TrueSport Expert Amanda Stanec, PhD, the founder and owner of MOVE + LIVE + LEARN, explains how you can observe behavior in the stands and help move it in a more positive direction when it comes to these three common sideline performances.
Setting goals outside of sport is important because we want young athletes to not over-identify as athletes, or put too much emphasis into a sport. Learn more about how to help your child set goals that don’t involve the volleyball court.
When you coach a young athlete who’s shown ‘natural talent’ or who has committed to one sport, it can be tricky to handle their expectations for their future in sport. Check out these tips on how to handle early high performers and their expectations around success and perceived failures.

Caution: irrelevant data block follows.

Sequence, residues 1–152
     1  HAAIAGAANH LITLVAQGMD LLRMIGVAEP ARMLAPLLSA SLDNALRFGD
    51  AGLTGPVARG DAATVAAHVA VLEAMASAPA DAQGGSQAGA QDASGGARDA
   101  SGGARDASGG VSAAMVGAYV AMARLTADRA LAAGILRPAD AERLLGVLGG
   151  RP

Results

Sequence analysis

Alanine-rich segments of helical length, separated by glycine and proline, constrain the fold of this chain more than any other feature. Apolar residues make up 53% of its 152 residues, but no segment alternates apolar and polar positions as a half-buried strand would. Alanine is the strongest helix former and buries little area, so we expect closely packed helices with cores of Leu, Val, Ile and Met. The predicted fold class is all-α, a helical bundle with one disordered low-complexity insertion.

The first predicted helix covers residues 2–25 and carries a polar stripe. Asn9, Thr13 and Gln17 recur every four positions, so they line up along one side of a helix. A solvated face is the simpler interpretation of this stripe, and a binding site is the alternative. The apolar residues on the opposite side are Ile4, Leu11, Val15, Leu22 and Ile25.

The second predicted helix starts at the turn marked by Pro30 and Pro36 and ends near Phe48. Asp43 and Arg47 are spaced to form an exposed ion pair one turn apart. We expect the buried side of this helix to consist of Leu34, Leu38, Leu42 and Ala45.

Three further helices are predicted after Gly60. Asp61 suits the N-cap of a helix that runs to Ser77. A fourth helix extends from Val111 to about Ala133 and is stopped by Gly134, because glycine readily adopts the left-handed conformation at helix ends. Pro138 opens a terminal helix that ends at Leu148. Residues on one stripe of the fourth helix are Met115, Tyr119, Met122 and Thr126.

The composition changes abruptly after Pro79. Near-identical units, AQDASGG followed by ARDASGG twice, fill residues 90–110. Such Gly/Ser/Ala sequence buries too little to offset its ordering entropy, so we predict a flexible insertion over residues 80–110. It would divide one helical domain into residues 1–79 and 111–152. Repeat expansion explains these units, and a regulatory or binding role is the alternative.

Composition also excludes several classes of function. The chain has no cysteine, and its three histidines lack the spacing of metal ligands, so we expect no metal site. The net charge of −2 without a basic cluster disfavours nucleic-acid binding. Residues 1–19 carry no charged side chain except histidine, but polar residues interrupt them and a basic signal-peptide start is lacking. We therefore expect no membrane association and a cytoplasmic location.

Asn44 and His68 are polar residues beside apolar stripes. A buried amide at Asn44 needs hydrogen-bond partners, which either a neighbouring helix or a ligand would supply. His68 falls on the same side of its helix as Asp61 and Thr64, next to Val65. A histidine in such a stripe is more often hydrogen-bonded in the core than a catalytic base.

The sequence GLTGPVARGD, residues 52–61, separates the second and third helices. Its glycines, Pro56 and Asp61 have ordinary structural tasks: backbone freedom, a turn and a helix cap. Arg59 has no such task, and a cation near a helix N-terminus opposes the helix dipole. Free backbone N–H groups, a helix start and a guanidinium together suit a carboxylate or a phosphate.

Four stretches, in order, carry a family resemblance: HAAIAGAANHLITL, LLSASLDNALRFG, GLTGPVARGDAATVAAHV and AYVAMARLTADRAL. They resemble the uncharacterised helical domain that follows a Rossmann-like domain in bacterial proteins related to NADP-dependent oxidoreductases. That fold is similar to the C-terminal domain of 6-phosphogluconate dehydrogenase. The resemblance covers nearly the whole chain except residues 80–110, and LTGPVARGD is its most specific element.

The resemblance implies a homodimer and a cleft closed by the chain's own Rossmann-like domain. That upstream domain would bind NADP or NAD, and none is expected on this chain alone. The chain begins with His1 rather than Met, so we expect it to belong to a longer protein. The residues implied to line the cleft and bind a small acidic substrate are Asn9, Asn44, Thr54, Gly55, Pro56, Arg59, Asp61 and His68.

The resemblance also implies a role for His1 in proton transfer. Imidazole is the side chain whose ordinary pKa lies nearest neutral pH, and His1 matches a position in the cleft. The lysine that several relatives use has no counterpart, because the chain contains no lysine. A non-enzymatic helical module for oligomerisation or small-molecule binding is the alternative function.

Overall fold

It can be difficult to know what to do—and what not to do—to best help athletes with issues around body image. This is especially true when even seemingly innocuous comments can lead to issues with negative body image.
Alkaline water, mineral water, carbonated water, coconut water: There are so many different water options available that it can feel a bit overwhelming at the grocery store. Which one will serve your athlete best, or is plain old tap water the optimal solution?
For young athletes, breakfast is an important meal, but it’s also the most likely to get skipped in order to finish that homework assignment or catch the bus. But there are plenty of easy, healthy options that can be prepped ahead of time and only take a few minutes to whip up.
June 15 is the initial contact date for volleyball college coaches at the NCAA Division I and Division II levels to reach out to rising juniors. Once this date hits, more direct communication can begin between college coaches and the student-athletes. What does that mean? We’ll go through five things to know about June 15.